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Biophys J. 2014 Oct 7;107(7):1637-46. doi: 10.1016/j.bpj.2014.07.075.

The myosin inhibitor blebbistatin stabilizes the super-relaxed state in skeletal muscle.

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Department of Biochemistry and Biophysics, University of California, San Francisco, California.
Voiland School of Chemical Engineering and Bioengineering, Washington State University, Pullman, Washington.
Department of Biochemistry and Biophysics, University of California, San Francisco, California; Cardiovascular Research Institute, University of California, San Francisco, California. Electronic address:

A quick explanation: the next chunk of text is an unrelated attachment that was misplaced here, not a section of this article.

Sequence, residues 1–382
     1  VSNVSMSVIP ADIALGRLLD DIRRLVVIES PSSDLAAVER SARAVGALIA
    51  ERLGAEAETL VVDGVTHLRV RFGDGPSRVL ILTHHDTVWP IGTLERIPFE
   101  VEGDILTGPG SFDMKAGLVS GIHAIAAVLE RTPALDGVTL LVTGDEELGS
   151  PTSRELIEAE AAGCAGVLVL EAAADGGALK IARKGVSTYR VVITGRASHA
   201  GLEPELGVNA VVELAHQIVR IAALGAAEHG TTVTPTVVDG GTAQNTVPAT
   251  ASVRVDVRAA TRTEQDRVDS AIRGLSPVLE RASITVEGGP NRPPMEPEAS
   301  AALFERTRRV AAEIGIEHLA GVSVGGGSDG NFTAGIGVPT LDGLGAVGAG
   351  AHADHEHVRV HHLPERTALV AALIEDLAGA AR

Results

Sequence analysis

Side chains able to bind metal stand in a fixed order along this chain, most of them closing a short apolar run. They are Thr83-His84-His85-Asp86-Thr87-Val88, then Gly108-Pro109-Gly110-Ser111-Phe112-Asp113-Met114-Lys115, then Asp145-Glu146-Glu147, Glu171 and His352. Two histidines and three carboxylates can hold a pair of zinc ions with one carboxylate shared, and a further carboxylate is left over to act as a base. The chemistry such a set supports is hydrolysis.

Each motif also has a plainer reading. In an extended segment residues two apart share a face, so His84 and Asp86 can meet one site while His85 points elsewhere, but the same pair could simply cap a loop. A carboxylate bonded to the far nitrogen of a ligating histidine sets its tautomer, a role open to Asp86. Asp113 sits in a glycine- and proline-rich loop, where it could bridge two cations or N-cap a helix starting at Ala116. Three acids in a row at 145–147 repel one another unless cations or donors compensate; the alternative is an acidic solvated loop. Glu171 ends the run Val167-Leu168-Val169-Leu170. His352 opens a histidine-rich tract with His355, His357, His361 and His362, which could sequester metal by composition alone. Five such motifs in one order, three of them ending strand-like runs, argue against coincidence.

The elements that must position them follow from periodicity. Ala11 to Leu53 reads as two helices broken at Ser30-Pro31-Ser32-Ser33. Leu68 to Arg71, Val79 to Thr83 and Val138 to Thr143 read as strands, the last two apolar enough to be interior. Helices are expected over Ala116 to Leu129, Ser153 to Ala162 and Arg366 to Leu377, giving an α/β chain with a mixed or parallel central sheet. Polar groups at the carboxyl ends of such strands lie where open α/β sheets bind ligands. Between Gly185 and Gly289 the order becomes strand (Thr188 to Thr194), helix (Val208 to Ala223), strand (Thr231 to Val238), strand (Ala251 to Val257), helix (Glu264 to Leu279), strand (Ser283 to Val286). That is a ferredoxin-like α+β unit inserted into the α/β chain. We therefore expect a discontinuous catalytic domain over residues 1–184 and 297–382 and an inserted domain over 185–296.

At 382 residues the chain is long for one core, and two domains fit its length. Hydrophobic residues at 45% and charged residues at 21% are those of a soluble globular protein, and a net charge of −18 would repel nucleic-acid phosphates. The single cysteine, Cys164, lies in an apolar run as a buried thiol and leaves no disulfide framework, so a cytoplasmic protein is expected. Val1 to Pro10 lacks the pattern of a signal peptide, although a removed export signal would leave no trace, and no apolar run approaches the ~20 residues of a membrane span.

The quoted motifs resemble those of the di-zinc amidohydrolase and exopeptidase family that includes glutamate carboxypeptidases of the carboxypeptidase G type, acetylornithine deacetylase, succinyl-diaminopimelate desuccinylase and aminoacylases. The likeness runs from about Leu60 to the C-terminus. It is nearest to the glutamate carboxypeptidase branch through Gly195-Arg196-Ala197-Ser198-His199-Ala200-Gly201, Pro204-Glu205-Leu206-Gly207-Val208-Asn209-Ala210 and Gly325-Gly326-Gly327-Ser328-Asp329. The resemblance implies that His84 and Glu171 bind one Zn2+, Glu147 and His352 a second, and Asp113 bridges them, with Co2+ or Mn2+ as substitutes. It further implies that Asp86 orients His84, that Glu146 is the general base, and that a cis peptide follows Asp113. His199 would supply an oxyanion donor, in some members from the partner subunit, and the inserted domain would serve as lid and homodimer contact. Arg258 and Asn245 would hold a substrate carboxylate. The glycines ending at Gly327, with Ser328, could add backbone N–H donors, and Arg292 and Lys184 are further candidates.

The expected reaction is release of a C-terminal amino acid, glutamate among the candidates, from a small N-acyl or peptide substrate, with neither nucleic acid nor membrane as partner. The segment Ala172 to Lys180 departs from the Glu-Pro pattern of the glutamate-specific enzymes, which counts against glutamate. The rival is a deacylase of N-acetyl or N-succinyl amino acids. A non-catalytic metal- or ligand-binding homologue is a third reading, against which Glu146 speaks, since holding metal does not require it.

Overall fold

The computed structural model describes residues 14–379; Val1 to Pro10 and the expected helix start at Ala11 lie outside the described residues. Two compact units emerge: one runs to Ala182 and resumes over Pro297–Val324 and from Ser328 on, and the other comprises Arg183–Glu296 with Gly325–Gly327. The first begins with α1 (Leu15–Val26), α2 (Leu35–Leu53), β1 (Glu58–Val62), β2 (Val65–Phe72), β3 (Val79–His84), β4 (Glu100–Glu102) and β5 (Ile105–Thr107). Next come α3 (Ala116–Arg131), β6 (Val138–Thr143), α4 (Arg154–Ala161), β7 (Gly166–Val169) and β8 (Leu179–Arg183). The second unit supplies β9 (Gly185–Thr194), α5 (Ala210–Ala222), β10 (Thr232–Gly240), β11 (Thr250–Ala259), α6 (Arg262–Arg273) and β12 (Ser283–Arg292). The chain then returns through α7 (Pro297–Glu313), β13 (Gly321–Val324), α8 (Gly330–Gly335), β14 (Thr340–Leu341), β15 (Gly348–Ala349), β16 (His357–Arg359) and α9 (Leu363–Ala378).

The super-relaxed state of myosin (SRX), in which the myosin ATPase activity is strongly inhibited, has been observed in a variety of muscle types. It has been proposed that myosin heads in this state are inhibited by binding to the core of the thick filament in a structure known as the interacting-heads motif. The myosin inhibitor blebbistatin has been shown in structural studies to stabilize the binding of myosin heads to the thick filament, and here we have utilized measurements of single ATP turnovers to show that blebbistatin also stabilizes the SRX in both fast and slow skeletal muscle, providing further support for the proposal that myosin heads in the SRX are also in the interacting-heads motif. We find that the SRX is stabilized using blebbistatin even in conditions that normally destabilize it, e.g., rigor ADP. Using blebbistatin we show that spin-labeled nucleotides bound to myosin have an oriented spectrum in the SRX in both slow and fast skeletal muscle. This is to our knowledge the first observation of oriented spin probes on the myosin motor domain in relaxed skeletal muscle fibers. The spectra for skeletal muscle with blebbistatin are similar to those observed in relaxed tarantula fibers in the absence of blebbistatin, demonstrating that the structure of the SRX is similar in different muscle types and in the presence and absence of blebbistatin. The mobility of spin probes attached to nucleotides bound to myosin shows that the conformation of the nucleotide site is closed in the SRX.

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